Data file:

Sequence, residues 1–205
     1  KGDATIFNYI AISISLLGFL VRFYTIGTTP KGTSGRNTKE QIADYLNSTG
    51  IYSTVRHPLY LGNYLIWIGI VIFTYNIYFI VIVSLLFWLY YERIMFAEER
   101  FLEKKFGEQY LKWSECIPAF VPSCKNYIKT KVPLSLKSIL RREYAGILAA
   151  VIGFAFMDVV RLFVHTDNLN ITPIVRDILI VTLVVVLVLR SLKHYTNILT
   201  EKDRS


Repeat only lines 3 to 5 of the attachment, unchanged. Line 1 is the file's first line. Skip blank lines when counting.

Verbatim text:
    51  IYSTVRHPLY LGNYLIWIGI VIFTYNIYFI VIVSLLFWLY YERIMFAEER
   101  FLEKKFGEQY LKWSECIPAF VPSCKNYIKT KVPLSLKSIL RREYAGILAA
   151  VIGFAFMDVV RLFVHTDNLN ITPIVRDILI VTLVVVLVLR SLKHYTNILT